The Iridium NEXT-4 launch in December 2017 alarms some unsuspecting Angelenos. (Credit: ???)

But the focus should be firmly on the passengers: the Iridium NEXT satellites.

“When you create a building or they break ground for the new mall, everybody takes pictures of all the guys with shovels and cutting the ribbon  and all kinds of stuff. And everybody’s all excited. And I was thinking that’s the same way it is in space,” noted Mr. Desch.

But as construction projects, be they Earthbound or space-based, near completion, enthusiasm for what comes next wanes.

“To me, that’s too bad because completing Iridium NEXT is the biggest milestone we’ve ever had, much more so than the first launch,” said Mr. Desch.  “And maybe it’s a little anticlimactic. Maybe the reason why they don’t make a big press sting when they finally complete the big tall building that everybody’s been watching go up for years is that they’re kind of tired of the traffic and are just happy it’s over.  

“But it’s a pretty big deal because everybody can finally move in and the dream is realized.”

The same is true with the Iridium NEXT constellation.  When the final launch is complete, the bulk of the work can begin.  The new tenants who have waited for this constellation to be complete can finally begin their operations.  A new era in space-based communications can commence.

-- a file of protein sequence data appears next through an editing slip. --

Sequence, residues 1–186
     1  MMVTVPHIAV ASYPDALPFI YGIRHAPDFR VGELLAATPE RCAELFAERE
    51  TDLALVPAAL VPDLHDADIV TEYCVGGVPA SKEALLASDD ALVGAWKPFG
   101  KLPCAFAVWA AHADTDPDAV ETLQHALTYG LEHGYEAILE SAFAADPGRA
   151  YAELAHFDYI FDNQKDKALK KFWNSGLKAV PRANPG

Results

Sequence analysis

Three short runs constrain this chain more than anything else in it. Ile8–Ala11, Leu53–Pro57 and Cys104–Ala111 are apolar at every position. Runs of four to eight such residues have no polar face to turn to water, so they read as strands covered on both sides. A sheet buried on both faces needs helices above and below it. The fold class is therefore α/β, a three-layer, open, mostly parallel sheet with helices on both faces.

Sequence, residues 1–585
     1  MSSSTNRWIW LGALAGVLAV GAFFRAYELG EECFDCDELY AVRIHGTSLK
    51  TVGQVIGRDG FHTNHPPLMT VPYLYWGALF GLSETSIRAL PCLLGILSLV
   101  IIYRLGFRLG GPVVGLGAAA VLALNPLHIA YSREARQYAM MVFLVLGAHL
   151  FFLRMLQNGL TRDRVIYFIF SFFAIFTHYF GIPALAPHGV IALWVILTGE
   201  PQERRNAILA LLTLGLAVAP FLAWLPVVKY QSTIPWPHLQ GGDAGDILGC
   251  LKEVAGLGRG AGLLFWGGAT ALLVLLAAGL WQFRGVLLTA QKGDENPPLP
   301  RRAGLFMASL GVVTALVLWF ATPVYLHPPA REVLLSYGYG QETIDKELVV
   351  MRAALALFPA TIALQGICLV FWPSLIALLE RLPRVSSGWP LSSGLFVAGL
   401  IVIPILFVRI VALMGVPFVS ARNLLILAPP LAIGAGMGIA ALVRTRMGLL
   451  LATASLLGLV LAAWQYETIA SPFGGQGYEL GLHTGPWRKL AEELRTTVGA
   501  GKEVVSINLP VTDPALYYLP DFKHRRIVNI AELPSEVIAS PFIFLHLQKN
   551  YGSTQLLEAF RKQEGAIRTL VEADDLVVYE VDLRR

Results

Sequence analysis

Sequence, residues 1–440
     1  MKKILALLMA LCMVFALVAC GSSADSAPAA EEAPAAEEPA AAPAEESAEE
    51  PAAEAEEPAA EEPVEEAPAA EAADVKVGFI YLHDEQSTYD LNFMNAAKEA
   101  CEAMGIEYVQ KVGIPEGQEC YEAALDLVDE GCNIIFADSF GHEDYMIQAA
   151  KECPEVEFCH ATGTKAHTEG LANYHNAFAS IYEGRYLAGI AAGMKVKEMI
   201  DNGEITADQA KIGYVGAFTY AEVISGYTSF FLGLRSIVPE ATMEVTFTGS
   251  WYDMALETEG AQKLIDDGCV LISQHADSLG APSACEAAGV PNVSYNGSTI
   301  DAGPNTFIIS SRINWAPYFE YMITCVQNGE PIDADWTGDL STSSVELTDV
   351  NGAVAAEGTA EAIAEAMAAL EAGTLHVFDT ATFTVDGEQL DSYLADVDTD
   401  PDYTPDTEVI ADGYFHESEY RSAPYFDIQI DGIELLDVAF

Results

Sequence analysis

Falcon 9 flies through the cloud deck during Iridium-7. (Credit: Sam Sun for NSF/L2)

So what does it feel like to be at the precipice of such an event?

“I have a lot of emotions about the whole thing.  I’m starting to get nervous, but not as nervous as I’ve been before.  And I’m looking forward to [the launch] because it’s a rush to do. I’m going to miss that rush,” related Mr. Desch.  “I’m going to miss the community of people who are interested in launches being interested in what we’re doing. I’m going to miss sort of the building process and whatnot.”

But the overwhelming feeling Mr. Desch and the entire Iridum team are feeling right now is pride.

“The overriding emotion is pride that we were able to complete what we were doing.  I’d say it’s anticipation for the future, now. The fact that what we’ve been working towards we can finally realize with these new services.  There might be some relief in there, too.”

But with this final launch also comes the culmination of Iridium’s cultural reorientation – a culture moving away from a focus on launching the Iridium NEXT constellation toward what comes after.

“We’ve been having strategic planning sessions internally.  We’ve been talking amongst ourselves, talking about what we are going to do with our newfound wealth and cashflows.  What new businesses we can conquer,” said Mr. Desch.